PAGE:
The Department of Veterans Affairs needs to clear some things up in order to improve its technology transfer pipeline, a new Government Accountability Office report found.
The agency operates a $1.9 billion research program, which has been behind inventions like the pacemaker, early prototypes for the CAT scan and more. The agency also has a tech transfer office, created in 2000, which works to shift internal health care innovations to the private sector for eventual commercialization, from which the VA can then collect royalties.
However, this process doesn’t always run as smoothly as it could — GAO found that while the VA’s 3,000 researchers are technically required to disclose their inventions to the agency, they may fail to “consistently” do so.
There are two main reasons for this. First, some researchers are unaware of their responsibility to report. First-time inventors, for example, may not know what protocol is.
“VA established an online training program in 2017 covering the invention disclosure process, but the training is not mandatory,” the GAO report reads. “VA provided us with a report from October 2017 indicating that out of over 3,000 eligible researchers, 130 had taken the training.” That’s just four percent.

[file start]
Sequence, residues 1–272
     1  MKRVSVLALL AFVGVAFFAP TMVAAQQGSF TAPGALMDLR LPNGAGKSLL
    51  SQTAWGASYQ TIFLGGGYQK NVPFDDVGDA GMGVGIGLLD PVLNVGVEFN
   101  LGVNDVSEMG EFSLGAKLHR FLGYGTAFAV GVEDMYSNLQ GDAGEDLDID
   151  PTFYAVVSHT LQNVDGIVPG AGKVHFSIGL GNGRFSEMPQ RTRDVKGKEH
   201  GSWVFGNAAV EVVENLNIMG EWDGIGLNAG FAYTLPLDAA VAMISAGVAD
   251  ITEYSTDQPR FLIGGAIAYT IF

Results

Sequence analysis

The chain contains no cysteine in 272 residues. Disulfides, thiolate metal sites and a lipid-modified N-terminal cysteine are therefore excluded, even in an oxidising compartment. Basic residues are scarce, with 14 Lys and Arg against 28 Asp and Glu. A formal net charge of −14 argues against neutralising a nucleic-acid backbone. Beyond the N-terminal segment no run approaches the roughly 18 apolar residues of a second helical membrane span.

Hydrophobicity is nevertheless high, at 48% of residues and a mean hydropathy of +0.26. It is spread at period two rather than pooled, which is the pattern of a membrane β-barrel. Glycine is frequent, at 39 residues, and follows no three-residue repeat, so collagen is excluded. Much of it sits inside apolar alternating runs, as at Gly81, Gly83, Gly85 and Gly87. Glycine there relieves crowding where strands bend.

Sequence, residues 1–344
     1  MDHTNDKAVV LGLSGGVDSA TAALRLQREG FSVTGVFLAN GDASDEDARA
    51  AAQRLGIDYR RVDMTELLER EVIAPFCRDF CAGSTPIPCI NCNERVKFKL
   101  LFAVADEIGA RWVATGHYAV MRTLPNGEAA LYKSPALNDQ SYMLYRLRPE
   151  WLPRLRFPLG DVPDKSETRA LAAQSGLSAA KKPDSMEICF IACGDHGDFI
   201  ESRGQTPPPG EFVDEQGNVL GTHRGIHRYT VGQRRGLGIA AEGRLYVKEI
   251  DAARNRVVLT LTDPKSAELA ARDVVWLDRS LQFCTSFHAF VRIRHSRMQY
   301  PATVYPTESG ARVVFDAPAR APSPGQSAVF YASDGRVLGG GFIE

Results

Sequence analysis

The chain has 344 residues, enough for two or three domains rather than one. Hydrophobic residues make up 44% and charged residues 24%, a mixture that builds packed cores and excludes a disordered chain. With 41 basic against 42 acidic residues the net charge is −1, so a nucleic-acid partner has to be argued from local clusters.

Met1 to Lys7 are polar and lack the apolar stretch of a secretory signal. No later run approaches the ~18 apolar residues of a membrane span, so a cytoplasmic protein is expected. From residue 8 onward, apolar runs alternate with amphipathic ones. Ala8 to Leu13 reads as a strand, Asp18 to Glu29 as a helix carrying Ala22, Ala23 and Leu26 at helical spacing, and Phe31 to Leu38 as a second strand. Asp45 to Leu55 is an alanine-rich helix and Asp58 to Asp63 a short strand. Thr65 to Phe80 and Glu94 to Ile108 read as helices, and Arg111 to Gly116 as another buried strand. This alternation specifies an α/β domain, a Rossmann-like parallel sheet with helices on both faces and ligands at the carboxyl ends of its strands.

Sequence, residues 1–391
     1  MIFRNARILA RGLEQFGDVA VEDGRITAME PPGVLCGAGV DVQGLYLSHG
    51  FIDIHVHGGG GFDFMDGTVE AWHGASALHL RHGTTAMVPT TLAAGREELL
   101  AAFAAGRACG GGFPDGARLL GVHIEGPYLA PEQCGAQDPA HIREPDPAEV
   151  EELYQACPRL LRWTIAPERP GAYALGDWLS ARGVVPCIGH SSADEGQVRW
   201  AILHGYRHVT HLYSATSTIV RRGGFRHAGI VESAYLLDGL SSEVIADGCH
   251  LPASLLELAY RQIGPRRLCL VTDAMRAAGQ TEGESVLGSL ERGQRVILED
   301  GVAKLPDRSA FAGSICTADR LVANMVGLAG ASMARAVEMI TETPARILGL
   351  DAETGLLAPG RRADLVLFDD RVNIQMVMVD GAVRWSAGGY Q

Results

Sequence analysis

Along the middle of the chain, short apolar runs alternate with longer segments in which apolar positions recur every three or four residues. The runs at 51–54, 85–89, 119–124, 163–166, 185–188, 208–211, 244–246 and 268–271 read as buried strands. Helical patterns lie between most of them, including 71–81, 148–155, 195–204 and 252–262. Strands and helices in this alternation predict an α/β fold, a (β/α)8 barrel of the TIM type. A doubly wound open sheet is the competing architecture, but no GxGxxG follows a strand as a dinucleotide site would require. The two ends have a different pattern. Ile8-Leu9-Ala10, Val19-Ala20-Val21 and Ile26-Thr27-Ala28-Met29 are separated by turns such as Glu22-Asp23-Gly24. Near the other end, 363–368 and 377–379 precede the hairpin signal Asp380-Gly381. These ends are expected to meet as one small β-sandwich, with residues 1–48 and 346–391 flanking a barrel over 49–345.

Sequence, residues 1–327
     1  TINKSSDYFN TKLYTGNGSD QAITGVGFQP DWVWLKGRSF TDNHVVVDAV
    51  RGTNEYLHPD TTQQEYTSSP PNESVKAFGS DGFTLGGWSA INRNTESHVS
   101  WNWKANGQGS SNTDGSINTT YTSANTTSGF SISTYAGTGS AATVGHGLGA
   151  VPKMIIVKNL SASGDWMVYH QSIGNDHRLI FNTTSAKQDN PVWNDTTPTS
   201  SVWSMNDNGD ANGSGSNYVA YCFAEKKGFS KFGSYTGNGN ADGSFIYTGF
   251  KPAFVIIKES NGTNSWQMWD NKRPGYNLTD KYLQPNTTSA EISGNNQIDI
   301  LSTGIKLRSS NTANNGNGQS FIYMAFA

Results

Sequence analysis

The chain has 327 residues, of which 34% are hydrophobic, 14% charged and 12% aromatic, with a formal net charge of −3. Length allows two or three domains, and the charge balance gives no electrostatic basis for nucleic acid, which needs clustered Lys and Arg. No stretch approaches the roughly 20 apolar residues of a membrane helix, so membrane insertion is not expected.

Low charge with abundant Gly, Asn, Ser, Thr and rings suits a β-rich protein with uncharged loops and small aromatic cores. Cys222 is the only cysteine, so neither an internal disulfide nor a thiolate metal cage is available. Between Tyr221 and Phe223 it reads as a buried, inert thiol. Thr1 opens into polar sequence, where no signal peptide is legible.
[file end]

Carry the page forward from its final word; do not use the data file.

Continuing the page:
Second, many of the VA’s researchers also hold positions at universities, and this muddies the reporting process. These researchers may disclose their invention to the university assuming that the university will, in turn, disclose to the VA. But this doesn’t always happen.
Collectively, these two issues contribute to “lost technology transfer opportunities and royalties for VA,” the GAO report states. The watchdog recommends that VA implement a couple of fixes to make sure it is getting the full return on its research investment.
First, the report advises, “make training about invention disclosure mandatory.” And as to the university partnerships, GAO suggests that the VA create a standard method of reporting for all. The VA concurred with both of these recommendations.
The Trump administration recently identified tech transfer as one of its cross agency priority goals (referred to as CAP goals) — benchmarks instituted as a way to operationalize the President’s Management Agenda. CAP goal number 14 seeks to “improve the transfer of technology from federally funded research and development to the private sector to promote U.S. economic growth and national security.”
The administration is keenly interested in maximizing the federal return on research investment.
“Future promises are not enough,” Michael Kratsios, deputy CTO at the Office of Science and Technology Policy, said of federal R&D spending at a recent National Institute of Standards and Technology event. “The taxpayer correctly demands that we justify why our spending is important and why it’s important today. We must focus on maximizing our return on federal investment.”